Atlas Valley Purveyors
Boulder County's only family general store.



Original Content by Bryce

Most beers are made to be enjoyed as fresh as possible. Regular 6 packs of brown ales, Pilsner lagers, and IPAs should be consumed within 6 to 12 months of production. Other beers are made to be cellared for years and enjoyed with family and friends for special occasions. Some beers are Vintage dated like a fine wine, others have suggested a date in the distant future the beer should be held until, but most beers simply have a production date printed on the label which allows you to know how old your beer is when you do choose to open the bottle.

So why age beer? The aging process mellows a beer bringing its disparate flavors into harmony, or evolves flavors to enrich the complexity of the beers’ profile. Beers that are bottle conditioned or still alive will continue to ferment; drying the beer and adding flavor. Some beers are made that are not enjoyable when fresh, the brewer includes sugars and excess hops that she knows will come into perfect balance in time.

Which Beers to age:

 A beer which takes well to age was most likely brewed with the intent to produce a beer that will stand up to time, it is rarely an accident that a beer can sit for a decade and not only be potable but better than when fresh. Sugars, high alcohol, low pH, high hopping rates and judicious use of oak are some of the elements which will make a durable beer. Barley wines, Belgian Quads, Olde ales, Imperial stout, Geuze and other sour beers are the kings of the aged beers. Some porters and strong fest beers can be aged but lack the alcohol and body to age for years. The Barley wines have the alcohol and bitterness to fend off oxidation, Geuzes have the flora to grow in complexity and have their fruit flavors ripen. Each of these beers will gain some flavors and loose others; hops and fresh fruit fall off, baked fruits and ice cream shop flavors increase.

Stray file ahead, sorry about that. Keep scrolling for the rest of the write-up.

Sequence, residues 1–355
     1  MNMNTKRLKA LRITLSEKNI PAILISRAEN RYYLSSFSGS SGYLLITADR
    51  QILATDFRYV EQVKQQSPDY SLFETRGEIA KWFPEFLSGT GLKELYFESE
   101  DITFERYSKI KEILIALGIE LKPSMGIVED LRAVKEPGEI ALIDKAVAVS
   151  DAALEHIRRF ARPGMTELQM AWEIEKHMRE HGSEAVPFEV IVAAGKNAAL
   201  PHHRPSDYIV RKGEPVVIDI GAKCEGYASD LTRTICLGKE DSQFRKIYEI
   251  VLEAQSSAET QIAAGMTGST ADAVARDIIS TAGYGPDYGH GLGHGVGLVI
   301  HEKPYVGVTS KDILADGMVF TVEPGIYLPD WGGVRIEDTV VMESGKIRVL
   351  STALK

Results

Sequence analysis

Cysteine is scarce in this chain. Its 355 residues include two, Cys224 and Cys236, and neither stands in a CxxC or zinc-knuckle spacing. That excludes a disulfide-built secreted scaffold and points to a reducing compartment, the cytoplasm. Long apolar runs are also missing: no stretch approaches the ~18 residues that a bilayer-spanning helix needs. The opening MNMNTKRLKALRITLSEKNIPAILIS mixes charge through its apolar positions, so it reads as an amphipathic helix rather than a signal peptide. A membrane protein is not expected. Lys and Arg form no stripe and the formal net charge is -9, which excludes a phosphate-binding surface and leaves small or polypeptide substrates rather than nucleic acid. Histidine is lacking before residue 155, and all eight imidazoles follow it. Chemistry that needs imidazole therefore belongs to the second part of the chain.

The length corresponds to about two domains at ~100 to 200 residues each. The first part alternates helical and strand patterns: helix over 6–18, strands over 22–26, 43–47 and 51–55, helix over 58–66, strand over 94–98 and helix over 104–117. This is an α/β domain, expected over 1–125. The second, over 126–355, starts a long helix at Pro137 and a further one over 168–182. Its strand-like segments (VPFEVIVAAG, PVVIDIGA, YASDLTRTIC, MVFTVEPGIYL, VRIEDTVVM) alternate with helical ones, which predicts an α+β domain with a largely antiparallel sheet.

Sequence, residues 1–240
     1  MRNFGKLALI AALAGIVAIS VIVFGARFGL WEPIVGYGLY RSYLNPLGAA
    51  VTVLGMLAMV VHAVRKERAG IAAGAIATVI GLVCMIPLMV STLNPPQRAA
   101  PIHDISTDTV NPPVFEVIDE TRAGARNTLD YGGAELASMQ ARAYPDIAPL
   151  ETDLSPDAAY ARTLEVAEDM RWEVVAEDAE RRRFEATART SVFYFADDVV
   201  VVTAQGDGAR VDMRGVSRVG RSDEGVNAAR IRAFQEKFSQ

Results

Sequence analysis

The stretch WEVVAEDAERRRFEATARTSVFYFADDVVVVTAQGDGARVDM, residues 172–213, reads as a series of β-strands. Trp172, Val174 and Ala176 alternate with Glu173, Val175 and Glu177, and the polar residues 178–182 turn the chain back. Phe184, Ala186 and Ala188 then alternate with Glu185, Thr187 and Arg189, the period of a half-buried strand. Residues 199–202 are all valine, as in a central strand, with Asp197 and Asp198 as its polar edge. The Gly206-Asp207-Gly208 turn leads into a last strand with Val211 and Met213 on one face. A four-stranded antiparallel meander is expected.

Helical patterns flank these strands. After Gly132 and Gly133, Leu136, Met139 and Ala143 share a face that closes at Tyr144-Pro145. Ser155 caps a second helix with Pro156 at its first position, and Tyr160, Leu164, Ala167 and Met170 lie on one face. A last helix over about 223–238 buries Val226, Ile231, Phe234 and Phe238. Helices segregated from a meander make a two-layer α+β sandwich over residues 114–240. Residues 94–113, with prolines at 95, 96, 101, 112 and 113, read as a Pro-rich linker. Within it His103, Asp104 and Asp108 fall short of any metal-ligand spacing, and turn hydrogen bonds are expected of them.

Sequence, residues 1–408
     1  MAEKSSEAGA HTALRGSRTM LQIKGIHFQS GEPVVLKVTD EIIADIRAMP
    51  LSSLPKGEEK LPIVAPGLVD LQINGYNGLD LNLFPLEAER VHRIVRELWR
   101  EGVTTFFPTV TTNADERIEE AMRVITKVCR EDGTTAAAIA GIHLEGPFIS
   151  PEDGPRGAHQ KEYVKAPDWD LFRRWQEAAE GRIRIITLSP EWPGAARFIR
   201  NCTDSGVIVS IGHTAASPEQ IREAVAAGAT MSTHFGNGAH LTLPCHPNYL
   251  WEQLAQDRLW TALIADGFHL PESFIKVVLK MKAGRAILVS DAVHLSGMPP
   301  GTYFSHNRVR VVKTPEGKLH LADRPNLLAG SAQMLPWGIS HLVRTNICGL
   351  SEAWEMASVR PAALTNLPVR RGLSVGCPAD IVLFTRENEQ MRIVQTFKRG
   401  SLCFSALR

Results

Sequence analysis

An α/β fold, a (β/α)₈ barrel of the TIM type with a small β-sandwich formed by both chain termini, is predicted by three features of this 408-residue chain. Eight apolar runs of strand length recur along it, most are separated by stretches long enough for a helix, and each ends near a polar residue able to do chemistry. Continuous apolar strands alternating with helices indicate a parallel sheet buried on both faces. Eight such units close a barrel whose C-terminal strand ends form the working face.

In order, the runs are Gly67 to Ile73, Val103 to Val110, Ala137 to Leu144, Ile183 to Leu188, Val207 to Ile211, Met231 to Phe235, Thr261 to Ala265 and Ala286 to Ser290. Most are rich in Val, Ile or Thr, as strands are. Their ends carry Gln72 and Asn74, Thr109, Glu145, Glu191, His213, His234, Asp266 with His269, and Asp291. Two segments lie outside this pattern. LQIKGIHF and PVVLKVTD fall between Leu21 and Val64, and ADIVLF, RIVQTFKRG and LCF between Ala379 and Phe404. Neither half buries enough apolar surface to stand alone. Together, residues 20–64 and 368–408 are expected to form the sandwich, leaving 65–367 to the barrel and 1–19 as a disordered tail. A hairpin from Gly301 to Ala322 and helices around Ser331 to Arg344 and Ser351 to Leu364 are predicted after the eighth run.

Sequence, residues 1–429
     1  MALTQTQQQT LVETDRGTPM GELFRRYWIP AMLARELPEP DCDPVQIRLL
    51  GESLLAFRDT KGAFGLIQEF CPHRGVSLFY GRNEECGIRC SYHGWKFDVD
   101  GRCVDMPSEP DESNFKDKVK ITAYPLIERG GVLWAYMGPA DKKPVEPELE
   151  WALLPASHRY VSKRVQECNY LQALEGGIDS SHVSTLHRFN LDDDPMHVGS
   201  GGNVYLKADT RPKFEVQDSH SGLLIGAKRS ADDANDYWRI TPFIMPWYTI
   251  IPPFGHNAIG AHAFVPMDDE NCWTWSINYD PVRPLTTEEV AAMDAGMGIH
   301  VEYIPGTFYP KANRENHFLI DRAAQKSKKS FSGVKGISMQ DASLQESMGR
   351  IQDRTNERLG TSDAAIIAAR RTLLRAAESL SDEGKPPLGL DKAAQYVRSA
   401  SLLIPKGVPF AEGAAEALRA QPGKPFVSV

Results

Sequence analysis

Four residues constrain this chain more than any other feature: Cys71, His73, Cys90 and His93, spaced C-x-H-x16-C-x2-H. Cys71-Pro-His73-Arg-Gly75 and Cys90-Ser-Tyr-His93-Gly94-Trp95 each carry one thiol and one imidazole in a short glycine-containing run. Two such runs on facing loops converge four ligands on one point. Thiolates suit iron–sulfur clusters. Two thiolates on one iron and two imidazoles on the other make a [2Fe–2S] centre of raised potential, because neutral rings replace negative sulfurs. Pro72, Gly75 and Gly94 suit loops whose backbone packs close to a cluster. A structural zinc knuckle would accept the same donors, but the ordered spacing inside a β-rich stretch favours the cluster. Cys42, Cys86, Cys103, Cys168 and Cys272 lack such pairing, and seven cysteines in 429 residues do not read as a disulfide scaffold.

How to age beer:

 You do not need a cedar lined cellar beneath your second mansion to age beers, it helps but is not necessary. A cool, calm, dark place is best; a closet or the space under your kitchen sink will do well for most people. Store your beers upright, the cap or cork can alter the flavor in time. Light will harm your beer, keep them in a place that is as dark as possible. Vibrations will affect your aging, so refrigerators may not be ideal. Temperature is very important, never warm the beer above the temperature at which it was fermented. Warmer storage temperatures will age your beers more quickly than cooler temperatures but generally 55-65 F will allow your investment graceful aging.  Some people or organizations with larger cellars or forgetful minds keep a journal or log of what goes into and out of the cellar so the beers are not lost to the ages.

When to enjoy your beer:

 I prefer my saisons at 8 months, I like my barley wines at 18 months. The saisons dry out nicely and the Barley wines’ hops are subdued with the malts shining nicely. Some people prefer older or younger beers, time and trials have led me to my sweet spots and can lead you to yours. When buying ageable beers pick up some extras and age them longer or shorter than you think you should to see how the flavors have matured. A case of saison can be enjoyed one bottle per month to track its progress. Generally 2-5 years is the longest a beer will be enjoyable. Some extraordinary examples like the Thomas Hardy or the Bruery Anniversary ales have decades long potential but these are the pricey rarities. It is best to open your beers too soon as opposed to too late, keep an eye on your cellar log and don’t let the best be forgotten.

Further Reading:

 Vintage Beer – Patrick Dawson

 Tasting Beer – Randy Mosher

 Oxford Companion to Beer – Garret Oliver